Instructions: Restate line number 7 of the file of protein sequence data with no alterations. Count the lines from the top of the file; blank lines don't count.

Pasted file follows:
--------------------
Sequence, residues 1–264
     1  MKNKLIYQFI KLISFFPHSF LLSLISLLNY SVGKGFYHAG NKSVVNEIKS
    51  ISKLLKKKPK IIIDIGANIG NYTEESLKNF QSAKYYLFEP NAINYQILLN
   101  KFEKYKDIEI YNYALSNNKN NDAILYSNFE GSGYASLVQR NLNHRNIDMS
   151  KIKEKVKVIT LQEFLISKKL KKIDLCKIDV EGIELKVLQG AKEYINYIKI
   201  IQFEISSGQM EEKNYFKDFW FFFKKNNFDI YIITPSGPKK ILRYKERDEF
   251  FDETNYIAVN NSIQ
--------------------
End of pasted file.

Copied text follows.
   251  FDETNYIAVN NSIQ